“While extending the due date may seem counterintuitive to the urgency of this project, we believe that having a clear scope, assigning the risk to the party who is best able to mitigate it, fair contract terms and conditions and allowing potential design-builders to submit responsible bids will reduce future disputes and aid in an accelerated delivery,” they added.

Two days later, state officials responded, “No changes to the procurement schedule will be made at this time.”

Similarly, state officials shot down a request for pre-proposal meetings or a conference with potential bidders so they could ask questions about the state’s plans to expedite the project.

“Due to the limited procurement time for this project, a pre-proposal conference is not feasible,” state officials wrote on May 20.

Appearing Tuesday on 12 News at 4, RIDOT Director Peter Alviti gave no indication he had any fears that the bid solicitation would fail to get any responses, saying only that he was awaiting the Wednesday deadline.

“We’ll be receiving those bids and those proposals beginning tomorrow,” Alviti told 12 News anchor Kim Kalunian when asked about the potential cost of the project. “At that time, we’ll look to see what they say, and I have no predisposition as to what to expect.”

The westbound bridge has been closed since last December, when an engineer working on a repair project discovered major structural problems that hadn’t been seen in an inspection the previous summer. The eastbound bridge, a separate and newer structure, has been reconfigured to carry traffic on I-195 in both directions while the westbound bridge is closed.

The bulk of the cost of the new bridge is expected to be covered by the federal government. The state has a pending application for a $221 million federal grant to try and secure extra money beyond standard highway grants.

McKee has separately hired lawyers, led by veteran litigator Max Wistow, to pursue legal damages against companies that have worked on the bridge over the years. Administration officials had downplayed suggestions that the litigation effort could dissuade other companies from bidding on the reconstruction project.

The governor has promised an eventual “day of reckoning” for whoever is deemed responsible for the mismanagement of the bridge. But public release of a widely anticipated forensic analysis, initially expected to happen months ago, has been delayed indefinitely so Wistow can pursue possible litigation.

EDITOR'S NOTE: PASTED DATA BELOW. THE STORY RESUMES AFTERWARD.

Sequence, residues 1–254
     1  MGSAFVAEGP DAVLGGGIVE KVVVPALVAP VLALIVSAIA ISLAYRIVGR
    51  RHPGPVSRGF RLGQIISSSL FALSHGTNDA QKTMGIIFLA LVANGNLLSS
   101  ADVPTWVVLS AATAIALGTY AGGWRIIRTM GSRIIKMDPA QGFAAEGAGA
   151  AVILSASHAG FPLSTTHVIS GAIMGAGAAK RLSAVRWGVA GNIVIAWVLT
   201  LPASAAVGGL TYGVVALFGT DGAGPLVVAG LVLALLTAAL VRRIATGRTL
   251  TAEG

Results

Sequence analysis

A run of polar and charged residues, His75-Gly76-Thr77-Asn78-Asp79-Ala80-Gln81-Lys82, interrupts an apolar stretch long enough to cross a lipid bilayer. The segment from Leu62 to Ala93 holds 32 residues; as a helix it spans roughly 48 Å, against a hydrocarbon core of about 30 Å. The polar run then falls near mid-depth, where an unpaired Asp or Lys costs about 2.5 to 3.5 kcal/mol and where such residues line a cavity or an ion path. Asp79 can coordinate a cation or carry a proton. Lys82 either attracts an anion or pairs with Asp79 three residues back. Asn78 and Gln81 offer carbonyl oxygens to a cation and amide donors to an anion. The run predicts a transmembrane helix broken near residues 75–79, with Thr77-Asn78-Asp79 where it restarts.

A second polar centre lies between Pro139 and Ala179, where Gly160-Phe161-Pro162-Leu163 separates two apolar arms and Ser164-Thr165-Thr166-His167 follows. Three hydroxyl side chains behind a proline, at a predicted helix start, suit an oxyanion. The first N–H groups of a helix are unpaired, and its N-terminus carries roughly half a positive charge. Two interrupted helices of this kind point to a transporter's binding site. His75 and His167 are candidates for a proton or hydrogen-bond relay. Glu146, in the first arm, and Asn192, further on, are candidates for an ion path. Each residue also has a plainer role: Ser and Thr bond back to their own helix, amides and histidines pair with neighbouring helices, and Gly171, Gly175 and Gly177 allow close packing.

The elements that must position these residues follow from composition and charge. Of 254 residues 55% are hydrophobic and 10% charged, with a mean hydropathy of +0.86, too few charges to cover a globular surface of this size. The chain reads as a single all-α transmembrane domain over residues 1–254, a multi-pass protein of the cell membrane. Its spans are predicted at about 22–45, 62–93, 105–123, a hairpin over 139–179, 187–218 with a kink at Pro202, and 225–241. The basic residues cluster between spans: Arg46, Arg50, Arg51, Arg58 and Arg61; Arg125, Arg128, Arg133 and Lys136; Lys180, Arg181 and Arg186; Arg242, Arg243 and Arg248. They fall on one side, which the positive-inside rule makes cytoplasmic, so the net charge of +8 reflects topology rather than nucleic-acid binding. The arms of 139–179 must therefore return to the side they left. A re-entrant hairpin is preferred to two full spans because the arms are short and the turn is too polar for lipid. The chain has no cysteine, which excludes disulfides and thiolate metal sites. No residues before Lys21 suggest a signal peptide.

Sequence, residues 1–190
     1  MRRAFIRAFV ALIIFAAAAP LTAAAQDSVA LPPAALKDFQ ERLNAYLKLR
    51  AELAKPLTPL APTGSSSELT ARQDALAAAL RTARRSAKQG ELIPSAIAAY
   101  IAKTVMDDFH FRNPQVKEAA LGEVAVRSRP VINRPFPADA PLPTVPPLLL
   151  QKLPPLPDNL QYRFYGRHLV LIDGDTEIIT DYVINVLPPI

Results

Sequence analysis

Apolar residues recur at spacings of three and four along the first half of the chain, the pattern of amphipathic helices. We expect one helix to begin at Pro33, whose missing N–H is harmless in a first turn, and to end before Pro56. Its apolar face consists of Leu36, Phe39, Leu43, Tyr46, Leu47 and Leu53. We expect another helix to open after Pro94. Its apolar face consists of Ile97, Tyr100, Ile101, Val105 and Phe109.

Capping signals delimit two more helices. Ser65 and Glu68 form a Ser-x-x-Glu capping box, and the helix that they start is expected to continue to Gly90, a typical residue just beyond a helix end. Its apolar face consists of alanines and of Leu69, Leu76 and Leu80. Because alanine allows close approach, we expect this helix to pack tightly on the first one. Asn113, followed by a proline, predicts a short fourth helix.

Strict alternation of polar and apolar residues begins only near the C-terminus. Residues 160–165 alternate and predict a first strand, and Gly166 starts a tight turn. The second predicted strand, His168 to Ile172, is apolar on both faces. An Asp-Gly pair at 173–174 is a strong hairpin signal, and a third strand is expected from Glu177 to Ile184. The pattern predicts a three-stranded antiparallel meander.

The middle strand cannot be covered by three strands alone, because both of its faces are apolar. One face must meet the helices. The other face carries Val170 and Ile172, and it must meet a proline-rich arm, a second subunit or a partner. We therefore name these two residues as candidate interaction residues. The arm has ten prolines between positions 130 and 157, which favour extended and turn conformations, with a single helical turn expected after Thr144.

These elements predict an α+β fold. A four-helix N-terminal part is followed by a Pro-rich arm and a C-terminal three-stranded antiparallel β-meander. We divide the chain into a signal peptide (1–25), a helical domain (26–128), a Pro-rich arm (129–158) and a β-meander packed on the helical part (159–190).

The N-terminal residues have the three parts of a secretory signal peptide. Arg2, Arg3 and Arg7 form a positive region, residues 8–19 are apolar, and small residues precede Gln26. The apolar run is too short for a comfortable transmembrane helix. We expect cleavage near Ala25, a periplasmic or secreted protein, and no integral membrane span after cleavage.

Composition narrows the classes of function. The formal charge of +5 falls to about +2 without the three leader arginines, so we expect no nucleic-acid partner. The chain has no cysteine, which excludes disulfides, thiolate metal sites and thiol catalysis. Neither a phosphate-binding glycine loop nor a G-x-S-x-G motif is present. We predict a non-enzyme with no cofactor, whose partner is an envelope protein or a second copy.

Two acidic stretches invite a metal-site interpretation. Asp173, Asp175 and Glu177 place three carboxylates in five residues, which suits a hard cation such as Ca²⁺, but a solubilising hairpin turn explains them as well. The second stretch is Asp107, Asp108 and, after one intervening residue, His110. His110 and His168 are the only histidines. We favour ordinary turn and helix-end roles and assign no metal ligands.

Just last week, the McKee administration announced that it had tentatively selected Aetna Bridge Co. for the separate contract to demolish the existing westbound bridge. Aetna’s contract will total $48.8 million if it achieves all $3 million in potential incentive payments — about 57% more than RIDOT had budgeted for the demolition project.

McKee pointed to the selection of a demolition contractor as good news, even as the reconstruction project is facing a setback.

“I think what I want to reinforce is that the demolition that is going to start very shortly is on a time track that is in advance of what we had anticipated,” McKee said, suggesting that will make it easier to build the new bridge more quickly.

The bridge closure has been a major headache for McKee, who has stood by Alviti despite calls in some quarters for him to be replaced over the crisis. A poll released last week by Salve Regina University’s Pell Center showed only 29% of Rhode Island voters approved of how McKee has handled the bridge situation.

Ted Nesi ( is a Target 12 investigative reporter and 12 News politics/business editor. He co-hosts Newsmakers and writes Nesi’s Notes on Saturdays. Connect with him on Twitter, Threads and Facebook.

Alexandra Leslie ( is a Target 12 investigative reporter covering Providence and more for 12 News. Connect with her on Twitter and on Facebook.

Eli Sherman ( is a Target 12 investigative reporter for 12 News. Connect with him on Twitter and on Facebook.